What is the definition of Acquired Ichthyosis?
Acquired ichthyosis is a skin disorder characterized by chronic, dry, and thickened fish scale-like skin that usually appears in adults who have an underlying systemic disease, such as Hodgkin lymphoma, hypothyroidism (low thyroid hormone), sarcoidosis (granulomatous disease), cancer, or an HIV infection. While the cause is unknown acquired ichthyosis may occur with the use of certain medications, such as hydroxyurea, kava, nicotinic acid, and targeted cancer therapies, such as protein kinase inhibitors, vemurafenib, and epidermal growth factor receptor (EGFR).
What are the symptoms for Acquired Ichthyosis?
Symptoms of acquired ichthyosis usually affect the arms, abdomen, and legs and may include chronic, dry, and thickened fish scale-like skin that causes excessive lines on the palms, keratosis pilaris (dry, rough skin bumps), and may be associated with atopic eczema, an underlying disease, cancer, or occur in individuals who are taking a drug know to cause dry skin.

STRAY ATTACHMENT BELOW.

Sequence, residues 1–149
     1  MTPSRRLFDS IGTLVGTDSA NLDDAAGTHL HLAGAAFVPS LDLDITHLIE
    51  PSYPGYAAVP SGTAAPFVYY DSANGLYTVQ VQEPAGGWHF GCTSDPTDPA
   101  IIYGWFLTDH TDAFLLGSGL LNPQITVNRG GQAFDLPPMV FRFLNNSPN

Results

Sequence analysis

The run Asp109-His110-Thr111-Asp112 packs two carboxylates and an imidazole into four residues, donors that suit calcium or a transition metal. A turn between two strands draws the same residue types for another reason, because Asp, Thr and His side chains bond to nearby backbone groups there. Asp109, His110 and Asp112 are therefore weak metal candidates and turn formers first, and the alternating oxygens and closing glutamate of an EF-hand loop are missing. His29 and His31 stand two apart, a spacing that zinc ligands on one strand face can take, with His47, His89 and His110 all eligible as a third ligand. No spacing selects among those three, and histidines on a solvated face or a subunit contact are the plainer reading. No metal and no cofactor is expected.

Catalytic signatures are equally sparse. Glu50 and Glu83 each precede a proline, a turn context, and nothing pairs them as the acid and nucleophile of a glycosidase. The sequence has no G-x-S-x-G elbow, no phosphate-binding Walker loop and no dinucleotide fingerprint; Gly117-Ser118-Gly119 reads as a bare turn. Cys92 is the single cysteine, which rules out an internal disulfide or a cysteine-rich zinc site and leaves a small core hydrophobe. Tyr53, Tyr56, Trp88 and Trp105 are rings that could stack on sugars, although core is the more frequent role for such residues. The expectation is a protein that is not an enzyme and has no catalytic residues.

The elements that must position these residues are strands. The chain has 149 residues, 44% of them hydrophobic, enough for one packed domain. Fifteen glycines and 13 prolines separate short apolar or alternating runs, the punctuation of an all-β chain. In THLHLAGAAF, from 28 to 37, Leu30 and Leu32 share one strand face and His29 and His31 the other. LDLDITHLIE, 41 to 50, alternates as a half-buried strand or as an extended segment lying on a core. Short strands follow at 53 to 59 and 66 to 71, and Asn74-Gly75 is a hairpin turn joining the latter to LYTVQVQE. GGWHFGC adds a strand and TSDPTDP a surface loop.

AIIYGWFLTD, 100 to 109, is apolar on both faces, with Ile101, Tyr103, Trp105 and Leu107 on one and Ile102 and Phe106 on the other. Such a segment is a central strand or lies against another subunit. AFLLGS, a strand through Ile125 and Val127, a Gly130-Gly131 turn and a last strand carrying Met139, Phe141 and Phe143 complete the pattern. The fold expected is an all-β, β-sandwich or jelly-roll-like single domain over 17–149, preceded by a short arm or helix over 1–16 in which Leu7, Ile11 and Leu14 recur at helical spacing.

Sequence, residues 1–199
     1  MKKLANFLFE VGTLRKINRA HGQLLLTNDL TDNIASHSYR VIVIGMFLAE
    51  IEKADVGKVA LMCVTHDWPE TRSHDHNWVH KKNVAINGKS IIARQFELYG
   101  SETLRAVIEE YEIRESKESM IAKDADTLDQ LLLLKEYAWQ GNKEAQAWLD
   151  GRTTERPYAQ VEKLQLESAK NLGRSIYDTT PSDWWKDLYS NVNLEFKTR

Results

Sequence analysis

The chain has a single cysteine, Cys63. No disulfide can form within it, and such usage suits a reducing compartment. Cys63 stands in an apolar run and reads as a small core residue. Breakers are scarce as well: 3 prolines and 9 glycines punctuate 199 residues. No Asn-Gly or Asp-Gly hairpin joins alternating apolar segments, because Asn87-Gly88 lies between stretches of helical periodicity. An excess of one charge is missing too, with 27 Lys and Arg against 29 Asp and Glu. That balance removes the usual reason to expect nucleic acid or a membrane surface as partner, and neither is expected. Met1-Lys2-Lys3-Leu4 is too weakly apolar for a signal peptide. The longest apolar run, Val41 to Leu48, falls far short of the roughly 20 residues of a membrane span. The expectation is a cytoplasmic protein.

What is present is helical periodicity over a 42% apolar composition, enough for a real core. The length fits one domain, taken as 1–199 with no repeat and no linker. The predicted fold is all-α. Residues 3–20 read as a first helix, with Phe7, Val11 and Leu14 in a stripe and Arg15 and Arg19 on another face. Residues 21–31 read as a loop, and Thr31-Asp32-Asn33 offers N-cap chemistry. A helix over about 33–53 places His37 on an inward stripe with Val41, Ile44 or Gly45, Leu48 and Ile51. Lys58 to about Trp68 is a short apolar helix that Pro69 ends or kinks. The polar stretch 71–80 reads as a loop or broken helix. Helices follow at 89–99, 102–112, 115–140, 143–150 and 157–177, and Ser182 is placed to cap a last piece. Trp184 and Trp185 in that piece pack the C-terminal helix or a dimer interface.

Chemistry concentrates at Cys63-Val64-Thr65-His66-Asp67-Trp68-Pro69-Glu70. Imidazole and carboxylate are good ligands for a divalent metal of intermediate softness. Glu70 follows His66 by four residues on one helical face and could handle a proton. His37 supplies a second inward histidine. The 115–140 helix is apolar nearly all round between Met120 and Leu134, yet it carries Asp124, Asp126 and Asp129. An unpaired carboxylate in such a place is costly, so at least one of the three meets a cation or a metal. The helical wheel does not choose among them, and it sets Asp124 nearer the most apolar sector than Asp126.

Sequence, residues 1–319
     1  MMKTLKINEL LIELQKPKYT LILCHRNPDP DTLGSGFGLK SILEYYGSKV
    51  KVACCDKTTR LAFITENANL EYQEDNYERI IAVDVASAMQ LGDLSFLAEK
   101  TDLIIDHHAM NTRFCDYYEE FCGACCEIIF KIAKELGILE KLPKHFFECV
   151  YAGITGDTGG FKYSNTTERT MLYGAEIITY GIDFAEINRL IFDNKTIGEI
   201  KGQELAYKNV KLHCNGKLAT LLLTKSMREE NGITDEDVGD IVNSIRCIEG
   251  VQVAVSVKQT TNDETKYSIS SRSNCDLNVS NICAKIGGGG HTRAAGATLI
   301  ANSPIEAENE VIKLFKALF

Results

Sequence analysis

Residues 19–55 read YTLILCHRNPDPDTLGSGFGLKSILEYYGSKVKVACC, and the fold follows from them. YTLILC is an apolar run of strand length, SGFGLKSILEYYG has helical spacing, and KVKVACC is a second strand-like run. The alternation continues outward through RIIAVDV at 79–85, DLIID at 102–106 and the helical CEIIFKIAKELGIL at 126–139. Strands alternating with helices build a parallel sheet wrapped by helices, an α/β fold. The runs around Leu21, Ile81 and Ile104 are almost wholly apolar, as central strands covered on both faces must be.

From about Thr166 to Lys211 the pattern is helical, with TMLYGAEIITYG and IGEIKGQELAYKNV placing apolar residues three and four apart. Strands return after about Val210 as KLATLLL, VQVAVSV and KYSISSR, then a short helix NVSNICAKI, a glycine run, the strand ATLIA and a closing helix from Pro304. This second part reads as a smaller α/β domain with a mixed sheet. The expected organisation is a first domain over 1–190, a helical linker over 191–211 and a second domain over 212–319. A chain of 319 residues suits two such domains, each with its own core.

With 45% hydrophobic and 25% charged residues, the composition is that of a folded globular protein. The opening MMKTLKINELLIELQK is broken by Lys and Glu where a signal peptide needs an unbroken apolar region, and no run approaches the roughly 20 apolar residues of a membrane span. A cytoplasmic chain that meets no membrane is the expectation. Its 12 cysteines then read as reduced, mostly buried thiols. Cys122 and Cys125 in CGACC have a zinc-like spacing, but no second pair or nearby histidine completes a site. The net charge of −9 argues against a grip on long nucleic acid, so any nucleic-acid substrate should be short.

What are the current treatments for Acquired Ichthyosis?
Treatment for acquired ichthyosis mainly focuses on soothing, protecting, and improving the skin condition by using non-soap body washes, bathing in salt water, and using an exfoliating sponge and moisturizing creams containing urea, salicylic acid, or alpha hydroxy acids. Severe acquired ichthyosis may be treated with oral retinoids, such as acitretin and isotretinoin, oral antibiotics for bacterial skin infection, and Vitamin D supplementation.